Tech Companies Are Looking Into Other Options After Texas’ Sudden Shift To Restrictive Abortion Law

Big tech companies and even start-ups have been fascinated with Texas as they continue their efforts to become a tech haven. But the state is in a brink of collapsing after it passed restrictive laws such as the new Abortion Law which many think is a degenerating measure on women’s rights.


Over the past years, tech companies such as Tesla’s Elon Musk, Oracle, Hewlett-Packard have been resolving in the state with expanded presence through warehouses opening and data centers of giant companies like Facebook, Amazon and Apple.


But the Lone Star State’s swift shift to maximum restriction mode on human rights combined with the lowest health measure on the COVID-19 handling has forced may CEOs of different huge tech companies to take into consideration other options for their company’s operation in Texas.


Tech company leaders have aired their worries both on their workers’ wellbeing as well as the possible effects of the new laws in employing talent from Texas since growing number of people are considering of moving somewhere else.




Vivek Bhaskaran, chief executive of Austin-based Question Pro said, “We already find it extremely challenging to attract tech workers.” He also stated that there are more jobs in the industry than talents. “This seems like an extremely unnecessary conversation we’re going to have to have” with potential hires.


“I’m not a politician; I can’t change anything. But I’m still responsible for my employees in Texas, and I have a moral responsibility to them,” Bhaskaran added.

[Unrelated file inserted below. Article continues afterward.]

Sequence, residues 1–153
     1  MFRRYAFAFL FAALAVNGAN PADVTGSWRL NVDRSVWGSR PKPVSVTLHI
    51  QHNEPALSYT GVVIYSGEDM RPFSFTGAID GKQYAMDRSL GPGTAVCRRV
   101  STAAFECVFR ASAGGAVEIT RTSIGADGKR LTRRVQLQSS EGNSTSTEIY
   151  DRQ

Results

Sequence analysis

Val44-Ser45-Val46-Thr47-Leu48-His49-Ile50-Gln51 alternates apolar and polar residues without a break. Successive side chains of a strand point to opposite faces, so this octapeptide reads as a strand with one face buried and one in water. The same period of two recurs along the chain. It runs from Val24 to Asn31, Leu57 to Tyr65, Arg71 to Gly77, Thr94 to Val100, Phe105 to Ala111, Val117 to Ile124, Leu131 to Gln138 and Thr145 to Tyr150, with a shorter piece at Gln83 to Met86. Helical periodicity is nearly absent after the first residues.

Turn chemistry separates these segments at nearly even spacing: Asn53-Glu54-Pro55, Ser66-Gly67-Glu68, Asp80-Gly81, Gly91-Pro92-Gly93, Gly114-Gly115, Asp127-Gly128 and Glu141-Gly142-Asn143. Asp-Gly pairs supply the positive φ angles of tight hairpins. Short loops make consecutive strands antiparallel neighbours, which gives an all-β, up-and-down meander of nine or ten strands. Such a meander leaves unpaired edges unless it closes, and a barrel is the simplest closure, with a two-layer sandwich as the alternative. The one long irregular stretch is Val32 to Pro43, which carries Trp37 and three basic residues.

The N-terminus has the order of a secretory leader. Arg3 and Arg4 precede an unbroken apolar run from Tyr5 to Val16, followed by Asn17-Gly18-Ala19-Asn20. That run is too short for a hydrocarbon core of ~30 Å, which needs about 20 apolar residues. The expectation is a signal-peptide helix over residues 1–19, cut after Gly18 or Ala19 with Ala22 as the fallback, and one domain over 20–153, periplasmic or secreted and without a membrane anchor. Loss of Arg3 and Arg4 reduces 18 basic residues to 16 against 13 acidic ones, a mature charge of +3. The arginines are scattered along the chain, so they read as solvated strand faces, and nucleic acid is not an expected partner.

In a report by The Chron, Texas tops the nation in terms of population growth in 2020 to which it attracted 373,965 residents. According to experts, though it might still be too early to tell if the new laws will trigger huge change in workers migrating to the state, they believe that the latest measures could potentially lead to a halt of left-leaning tech workers who are considering moving to the state.


“You might see a slowdown,” said Richard Alm, a writer in residence at Southern Methodist University’s Cox School of Business in Dallas who studies Texas’ economy. “This has potential to impact the supply of labor if workers are less willing to relocate to Texas.”


For tech industry leaders, their major concern is the direction Texas will take after it implemented restrictive measure on human rights like voting restrictions and the new abortion ban which can affect employees and talent hiring.


Most of CEOs have been open in airing that they opposed the restrictions and extending alternatives to their workers if they want to move somewhere else.


“Ohana if you want to move we’ll help you exit TX. Your choice”. Salesforce’s CEO Marc Benioff said in a Tweet which was quoted by California’s Governor Gavin Newsom who replied “Welcome to California.”


In a report by CNBC, both Lyft and Uber already announced that they would cover any legal costs for their drivers who will be sued for transporting women who wants to get abortions. Bumble, an online dating company, also sated that it begun a fund to help women who wants to get abortion in the state.


“These are incredibly personal issues that directly impact many of us — especially women,” Salesforce told employees in a message recovered by CNBC. “We recognize and respect that we all have deeply held and different perspectives. As a company, we stand with all of our women at Salesforce and everywhere.”


It goes on saying, “With that being said, if you have concerns about access to reproductive healthcare in your state, Salesforce will help relocate you and members of your immediate family.”